Have We Reached the End? asks Boris Kacka, of the publishing industry in the US. Among other problems he cites drastic fall in the number of independent booksellers following the rise and rise of Amazon.com, the imminent demise of Borders, the challenge of dwindling readership, and the enormous advances paid to authors which are never recouped. (Among the flops of legendary proportions - Vikram Chandra's Sacred Games and Charles Frazier's Thirteen Moons).
The demise of publishing has been predicted since the days of Gutenberg. But for most of the past century—through wars and depressions—the business of books as jogged along at a steady pace. It’s one of the main (some would say only) advantages of working in a “mature” industry: no unsustainable highs, no devastating lows. A stoic calm, peppered with a bit of gallows humor, prevailed in the industry. ... Survey New York’s oldest culture industry this season, however, and you won’t find many stoics. What you will find are prophets of doom, Cassandras in blazers and black dresses arguing at elegant lunches over What Is to Be Done. Even best-selling publishers and agents fresh from seven-figure deals worry about what’s coming next. Two, five years from now—who knows? Life moves fast in the waning era of print; publishing doesn’t.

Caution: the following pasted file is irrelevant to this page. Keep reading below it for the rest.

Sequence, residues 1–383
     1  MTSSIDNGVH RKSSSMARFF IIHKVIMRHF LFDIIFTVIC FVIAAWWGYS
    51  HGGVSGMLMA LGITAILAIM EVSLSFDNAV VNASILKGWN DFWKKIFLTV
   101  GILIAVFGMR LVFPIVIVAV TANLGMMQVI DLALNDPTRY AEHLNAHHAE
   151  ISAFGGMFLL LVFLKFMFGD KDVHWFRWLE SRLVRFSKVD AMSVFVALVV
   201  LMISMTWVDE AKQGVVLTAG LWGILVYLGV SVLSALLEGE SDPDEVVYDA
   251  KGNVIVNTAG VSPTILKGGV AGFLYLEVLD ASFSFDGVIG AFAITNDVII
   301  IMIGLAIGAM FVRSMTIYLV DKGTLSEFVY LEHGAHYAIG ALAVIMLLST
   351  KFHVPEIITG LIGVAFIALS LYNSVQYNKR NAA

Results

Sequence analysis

Carolyn Kellogg on the LA Times blog doesn't reckon it's quite as bad as Kacka makes out.